Diesel World THE FUTURE OF DIESEL
TESTING THE NEXT GENERATION OF DIESEL MECHANICS
Diesel mechanics are in high demand, but supply is low. Unfortunately, it seems every year we’re reminded of the lack of skilled diesel mechanics in America. Worse yet, the prospects for improvement don’t look promising at the present time. However, what this shortage means for anyone considering a career in diesel—be it heavy equipment, the agriculture side of things, or even automotive—is that with the right education and skillsets you’ll be in the driver seat should you choose to travel this road. Trust us, there will be a job waiting for you—and the pay is good. It’s not uncommon for a heavy equipment field tech to bring home more than $100,000 a year.
For a glimpse into the world of upcoming diesel technicians, we attended the 2021 Diesel Equipment Technology career competition, a workforce development event put on by Skillsusa Illinois in partnership with Caterpillar, and hosted at Altorfer CAT in Springfield, Illinois. Technical schools and high schools—specifically Illinois Central College, Johnsburg High School, and Marengo Community High School—sent their best and brightest students to compete. A win-win for all parties involved, students were able to put their skills to the test in front of potential future employers, employers on hand were able to scout for talent, and schools were obviously able to tout their technical program’s success with a win.
Despite the restrictions and guidelines associated with Covid-19, the technical committee behind the event was committed to holding an in-person competition. As a
result of all their hard work and dedication, the Diesel Equipment Technology career competition was the only in-person Skillsusa event held in Illinois this year. That’s commitment. We spent the day at Altorfer CAT watching some of the brightest young minds in the state troubleshooting equipment, working through schematics, performing component identifications, and carrying out inspections. In the following pages, we’ll cover each test station to give you a sense of just how proficient, time-aware, and multi-faceted today’s diesel technicians have to be.
To meet state-mandated Covid-19 guidelines, the competition was held outdoors and was composed of four test stations rather than its typical 12. In a normal year, and as part of the larger (all-inclusive) Skillsusa State Leadership and Skills Conference, the Diesel Equipment Technology career competition would’ve been hosted in the Peoria Civic Center in Peoria, Illinois, the official home of Caterpillar. But despite the forced relocation and overall downsizing of the event, it was the only in-person Skillsusa event scheduled to be held in Illinois in 2021, which speaks to the dedication of everyone involved.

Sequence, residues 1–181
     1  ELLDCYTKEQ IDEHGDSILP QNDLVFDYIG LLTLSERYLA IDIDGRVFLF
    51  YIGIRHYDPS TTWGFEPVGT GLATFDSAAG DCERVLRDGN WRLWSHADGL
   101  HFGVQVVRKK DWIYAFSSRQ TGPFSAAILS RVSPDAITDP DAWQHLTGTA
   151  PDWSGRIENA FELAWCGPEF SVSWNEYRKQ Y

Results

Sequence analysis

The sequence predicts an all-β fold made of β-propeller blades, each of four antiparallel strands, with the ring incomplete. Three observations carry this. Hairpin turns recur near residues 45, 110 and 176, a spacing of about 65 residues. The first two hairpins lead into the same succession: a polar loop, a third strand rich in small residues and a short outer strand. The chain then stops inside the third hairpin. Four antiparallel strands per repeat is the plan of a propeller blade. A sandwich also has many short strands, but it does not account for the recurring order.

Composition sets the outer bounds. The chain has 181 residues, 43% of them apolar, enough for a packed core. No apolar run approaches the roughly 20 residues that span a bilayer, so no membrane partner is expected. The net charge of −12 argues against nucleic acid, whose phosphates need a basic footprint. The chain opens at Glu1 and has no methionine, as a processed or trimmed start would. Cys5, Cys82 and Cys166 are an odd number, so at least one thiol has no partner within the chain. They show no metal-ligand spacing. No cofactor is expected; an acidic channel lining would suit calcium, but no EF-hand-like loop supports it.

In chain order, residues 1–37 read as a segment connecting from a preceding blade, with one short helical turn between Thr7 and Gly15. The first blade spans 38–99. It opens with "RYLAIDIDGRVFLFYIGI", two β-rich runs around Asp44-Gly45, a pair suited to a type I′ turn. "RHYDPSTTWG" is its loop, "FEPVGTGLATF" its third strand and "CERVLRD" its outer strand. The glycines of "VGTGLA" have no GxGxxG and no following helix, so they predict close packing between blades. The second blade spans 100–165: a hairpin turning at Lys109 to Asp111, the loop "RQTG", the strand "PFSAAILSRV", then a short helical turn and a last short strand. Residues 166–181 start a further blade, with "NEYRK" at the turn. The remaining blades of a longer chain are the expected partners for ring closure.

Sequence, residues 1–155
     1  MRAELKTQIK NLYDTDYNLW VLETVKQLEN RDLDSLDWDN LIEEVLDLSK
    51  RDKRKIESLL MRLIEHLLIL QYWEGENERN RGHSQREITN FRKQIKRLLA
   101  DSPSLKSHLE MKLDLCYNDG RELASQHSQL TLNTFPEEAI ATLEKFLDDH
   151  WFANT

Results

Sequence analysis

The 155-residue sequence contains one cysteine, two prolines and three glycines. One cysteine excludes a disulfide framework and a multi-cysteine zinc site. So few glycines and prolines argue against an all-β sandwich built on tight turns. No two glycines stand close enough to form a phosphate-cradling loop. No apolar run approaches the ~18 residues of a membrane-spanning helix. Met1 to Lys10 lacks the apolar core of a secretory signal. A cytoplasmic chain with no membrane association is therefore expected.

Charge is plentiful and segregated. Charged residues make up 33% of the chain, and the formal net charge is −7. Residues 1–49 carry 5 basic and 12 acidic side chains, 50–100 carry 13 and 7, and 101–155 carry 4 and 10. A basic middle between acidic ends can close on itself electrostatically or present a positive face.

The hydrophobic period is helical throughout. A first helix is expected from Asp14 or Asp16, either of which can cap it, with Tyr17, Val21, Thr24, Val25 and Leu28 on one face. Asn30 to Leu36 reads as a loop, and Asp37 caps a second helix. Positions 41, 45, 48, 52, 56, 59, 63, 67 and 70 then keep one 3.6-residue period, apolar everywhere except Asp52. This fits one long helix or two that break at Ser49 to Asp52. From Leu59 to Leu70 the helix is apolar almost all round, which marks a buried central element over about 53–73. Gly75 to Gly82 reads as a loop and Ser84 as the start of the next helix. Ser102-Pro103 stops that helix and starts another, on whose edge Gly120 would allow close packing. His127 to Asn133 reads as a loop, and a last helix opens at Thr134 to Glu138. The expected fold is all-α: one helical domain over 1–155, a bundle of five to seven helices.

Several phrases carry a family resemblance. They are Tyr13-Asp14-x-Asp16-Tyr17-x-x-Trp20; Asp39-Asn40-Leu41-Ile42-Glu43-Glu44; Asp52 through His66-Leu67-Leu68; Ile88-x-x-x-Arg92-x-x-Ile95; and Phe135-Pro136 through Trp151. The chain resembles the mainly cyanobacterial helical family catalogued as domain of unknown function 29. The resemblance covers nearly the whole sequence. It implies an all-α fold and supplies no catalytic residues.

If you’re familiar with the Skillsusa name, it’s because it’s a national partnership between students, teachers, and industry professionals, and designed with the mission of ensuring America continues to have the most highly skilled workforce in the world. The Skillsusa Illinois organization in particular enjoys support from over 600 business and industry partners, all of which have a vested interest in the workforce of the future being as skilled as it can be. All of its career competitions are run by industry experts, trade associations, and labor organizations, and are specifically designed to test competencies established by professional industry standards.
In business since 1957, Springfield, Illinois’ Caterpillar dealership, Altorfer
CAT, stepped up in a big way in volunteering to be the host site for the competition. Altorfer CAT is the leading dealer of construction and agricultural equipment in Illinois, Iowa, and Missouri, with mulitple locations scattered throughout the region. The Springfield store offers both new and used construction equipment, equipment service and maintenance, equipment rental, on-highway truck service, and a convenient parts drop program.
On the hydraulic component identification portion of the test, 15 ID tags were present. However, more than 15 components were listed on the accompanying answer sheet. There was no process of elimination lifeline for students to use.
For the competition, students are assigned numbers instead of name tags. This is done to avoid any bias and keep things anonymous from school-to-school. To make sure they earned their points, each contestant’s number had to be included on every test sheet submitted. Beyond that, each batch of contestants were bused in prior to their start time, and kept completely separate from the group that was just finishing up.